Born and brought up in Dhaka, Bangladesh, I moved to San Antonio, Texas, for college at age seventeen. At the time I wasn’t convinced I wanted to major in physics. In high school, I had a wonderful physics teacher who liked to teach through demonstration and storytelling. Thanks to role models such as him and my father, who also loves to explain things simply and enthusiastically, I loved learning physics and excelled at it in school. But my interests were still very varied when I arrived at college, and I was open to different possibilities for my studies. Moreover, growing up, my priorities always leaned more towards sports and extracurriculars than towards studies. I played soccer throughout middle and high school, leading my team to championships during my senior year.

Physics eventually found its way into my life – with some gentle nudging from my undergraduate advisor – and I graduated Magna Cum Laude with a major in physics and a minor in mathematics. However, I additionally spent a significant portion of my liberal arts education discovering and exploring my interests in classical studies and anthropology.

Although through the years it became increasingly clear to me that I wanted to pursue a PhD in physics, when I started graduate school in Davis, California, I had yet to figure out what field of physics to specialize in. But when I met the nuclear physics group led by Manuel, I made the decision instantly. Our group has diverse individuals with varied interests, who are eager to help and support each other – especially if it is through organizing a barbecue to celebrate milestones in our journeys.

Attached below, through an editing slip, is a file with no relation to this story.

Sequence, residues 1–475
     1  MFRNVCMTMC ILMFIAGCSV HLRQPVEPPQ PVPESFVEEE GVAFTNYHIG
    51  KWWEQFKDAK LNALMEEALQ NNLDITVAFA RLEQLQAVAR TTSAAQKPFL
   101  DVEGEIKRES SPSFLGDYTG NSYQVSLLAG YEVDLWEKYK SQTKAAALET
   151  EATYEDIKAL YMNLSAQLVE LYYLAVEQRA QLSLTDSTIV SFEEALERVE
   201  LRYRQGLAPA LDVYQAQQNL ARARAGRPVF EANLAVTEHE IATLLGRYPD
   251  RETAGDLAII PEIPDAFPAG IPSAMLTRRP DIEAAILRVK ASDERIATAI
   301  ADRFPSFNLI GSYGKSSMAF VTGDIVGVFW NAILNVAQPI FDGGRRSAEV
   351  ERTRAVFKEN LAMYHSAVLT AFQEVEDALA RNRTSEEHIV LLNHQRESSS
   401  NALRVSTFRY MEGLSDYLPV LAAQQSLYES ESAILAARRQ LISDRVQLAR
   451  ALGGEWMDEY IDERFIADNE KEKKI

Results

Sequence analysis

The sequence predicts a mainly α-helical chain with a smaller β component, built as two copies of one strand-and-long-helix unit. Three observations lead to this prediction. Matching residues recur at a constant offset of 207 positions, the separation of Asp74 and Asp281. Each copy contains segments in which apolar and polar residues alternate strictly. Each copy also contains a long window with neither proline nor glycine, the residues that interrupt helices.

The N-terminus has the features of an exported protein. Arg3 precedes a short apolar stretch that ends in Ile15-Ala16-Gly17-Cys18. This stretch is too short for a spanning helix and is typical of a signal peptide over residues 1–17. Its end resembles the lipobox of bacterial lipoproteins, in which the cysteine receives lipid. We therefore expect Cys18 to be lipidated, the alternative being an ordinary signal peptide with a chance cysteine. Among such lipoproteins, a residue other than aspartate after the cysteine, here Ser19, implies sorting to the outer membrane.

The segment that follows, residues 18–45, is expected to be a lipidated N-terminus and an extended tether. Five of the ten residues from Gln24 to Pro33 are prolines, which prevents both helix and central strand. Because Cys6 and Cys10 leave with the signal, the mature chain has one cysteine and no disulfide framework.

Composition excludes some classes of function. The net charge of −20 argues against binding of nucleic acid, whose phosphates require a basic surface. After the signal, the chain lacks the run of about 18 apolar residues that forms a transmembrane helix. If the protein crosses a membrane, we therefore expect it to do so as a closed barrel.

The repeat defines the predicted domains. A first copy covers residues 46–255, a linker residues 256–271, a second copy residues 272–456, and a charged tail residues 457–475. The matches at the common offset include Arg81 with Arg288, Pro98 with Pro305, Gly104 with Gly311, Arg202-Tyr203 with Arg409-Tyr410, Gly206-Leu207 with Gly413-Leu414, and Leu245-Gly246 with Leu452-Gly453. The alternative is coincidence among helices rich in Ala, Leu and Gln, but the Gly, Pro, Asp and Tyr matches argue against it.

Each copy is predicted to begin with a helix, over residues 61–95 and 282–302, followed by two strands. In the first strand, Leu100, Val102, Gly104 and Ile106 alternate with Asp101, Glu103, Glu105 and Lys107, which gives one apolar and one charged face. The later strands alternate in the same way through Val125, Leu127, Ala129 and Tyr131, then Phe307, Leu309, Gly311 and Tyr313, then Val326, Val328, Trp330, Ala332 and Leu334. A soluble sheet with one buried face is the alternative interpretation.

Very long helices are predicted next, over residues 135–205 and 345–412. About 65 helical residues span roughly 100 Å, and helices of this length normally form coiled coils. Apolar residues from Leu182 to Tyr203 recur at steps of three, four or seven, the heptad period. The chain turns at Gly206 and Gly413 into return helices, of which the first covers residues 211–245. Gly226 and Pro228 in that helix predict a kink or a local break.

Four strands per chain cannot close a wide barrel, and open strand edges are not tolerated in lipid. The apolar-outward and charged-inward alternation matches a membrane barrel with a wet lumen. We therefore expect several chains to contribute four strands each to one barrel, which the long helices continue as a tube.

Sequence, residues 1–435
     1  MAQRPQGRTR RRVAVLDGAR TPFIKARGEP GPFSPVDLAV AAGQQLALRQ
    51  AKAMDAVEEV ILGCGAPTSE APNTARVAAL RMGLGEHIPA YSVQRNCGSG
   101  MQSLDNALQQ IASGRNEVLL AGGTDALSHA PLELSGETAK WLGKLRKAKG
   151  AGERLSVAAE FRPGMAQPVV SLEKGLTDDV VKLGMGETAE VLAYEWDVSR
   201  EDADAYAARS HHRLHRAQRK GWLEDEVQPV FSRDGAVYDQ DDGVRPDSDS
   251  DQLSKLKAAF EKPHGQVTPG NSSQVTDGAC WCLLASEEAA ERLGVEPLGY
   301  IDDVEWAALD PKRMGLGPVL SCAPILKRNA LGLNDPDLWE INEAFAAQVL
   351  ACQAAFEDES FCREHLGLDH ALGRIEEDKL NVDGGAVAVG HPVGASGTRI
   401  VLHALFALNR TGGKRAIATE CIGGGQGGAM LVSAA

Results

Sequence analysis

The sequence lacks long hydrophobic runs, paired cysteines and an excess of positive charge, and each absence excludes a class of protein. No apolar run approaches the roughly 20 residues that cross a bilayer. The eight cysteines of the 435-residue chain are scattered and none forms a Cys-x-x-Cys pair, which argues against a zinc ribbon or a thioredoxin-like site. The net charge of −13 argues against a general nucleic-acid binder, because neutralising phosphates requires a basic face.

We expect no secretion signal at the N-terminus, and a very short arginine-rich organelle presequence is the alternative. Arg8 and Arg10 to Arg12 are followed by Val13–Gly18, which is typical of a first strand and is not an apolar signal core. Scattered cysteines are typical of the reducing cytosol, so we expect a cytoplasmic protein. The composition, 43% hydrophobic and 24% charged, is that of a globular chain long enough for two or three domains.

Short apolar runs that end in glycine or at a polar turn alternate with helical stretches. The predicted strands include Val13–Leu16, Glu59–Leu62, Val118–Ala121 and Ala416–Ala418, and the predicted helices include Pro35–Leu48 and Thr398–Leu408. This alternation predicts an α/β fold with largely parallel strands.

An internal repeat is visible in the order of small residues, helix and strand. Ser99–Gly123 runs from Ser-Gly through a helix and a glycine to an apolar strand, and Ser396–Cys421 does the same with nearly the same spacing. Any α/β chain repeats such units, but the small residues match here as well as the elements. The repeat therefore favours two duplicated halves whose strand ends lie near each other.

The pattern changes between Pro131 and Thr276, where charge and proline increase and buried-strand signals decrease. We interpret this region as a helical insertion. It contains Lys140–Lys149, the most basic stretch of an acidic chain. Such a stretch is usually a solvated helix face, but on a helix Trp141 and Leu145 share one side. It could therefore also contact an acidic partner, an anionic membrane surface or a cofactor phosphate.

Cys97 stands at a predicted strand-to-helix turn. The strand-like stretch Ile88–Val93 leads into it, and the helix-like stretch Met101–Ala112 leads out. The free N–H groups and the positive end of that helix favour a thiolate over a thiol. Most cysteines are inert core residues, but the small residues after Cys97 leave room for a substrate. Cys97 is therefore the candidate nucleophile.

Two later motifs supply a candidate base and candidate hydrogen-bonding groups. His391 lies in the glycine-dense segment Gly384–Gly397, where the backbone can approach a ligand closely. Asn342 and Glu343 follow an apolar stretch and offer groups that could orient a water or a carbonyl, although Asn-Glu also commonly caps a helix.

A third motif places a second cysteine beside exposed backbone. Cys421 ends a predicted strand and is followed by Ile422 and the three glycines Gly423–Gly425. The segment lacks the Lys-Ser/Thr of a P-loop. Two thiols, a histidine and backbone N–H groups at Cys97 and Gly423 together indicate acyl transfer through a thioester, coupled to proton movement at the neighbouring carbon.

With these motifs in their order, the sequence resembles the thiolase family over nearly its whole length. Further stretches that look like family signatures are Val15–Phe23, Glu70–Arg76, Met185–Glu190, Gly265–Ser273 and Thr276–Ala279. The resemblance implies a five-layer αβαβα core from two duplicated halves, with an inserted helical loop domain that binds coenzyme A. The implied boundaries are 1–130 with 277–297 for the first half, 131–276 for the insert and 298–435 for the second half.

I enjoy travelling, being outdoors, problem solving and spending time with close friends and family. Being in northern California, I take the opportunity to enjoy its natural beauty extensively. While stationed in Geneva, I explored the neighboring area with my friends from CERN. As with physics, I like to absorb my surroundings by framing what I observe into narratives.

My time working at CERN has been a wonderful growth opportunity. In addition to helping me learn more about nuclear physics with hands-on experience with the experiment, it also allowed me to discover some of my limitations and subconscious biases, and truly learn to work as a team. Once I graduate this summer, I would like to transfer my data and statistics skills into the workforce to help solve problems in public health, climate change or renewable energy. No matter where I end up, I know that I will cherish the life-long memories and connections I have made in graduate school and at CERN.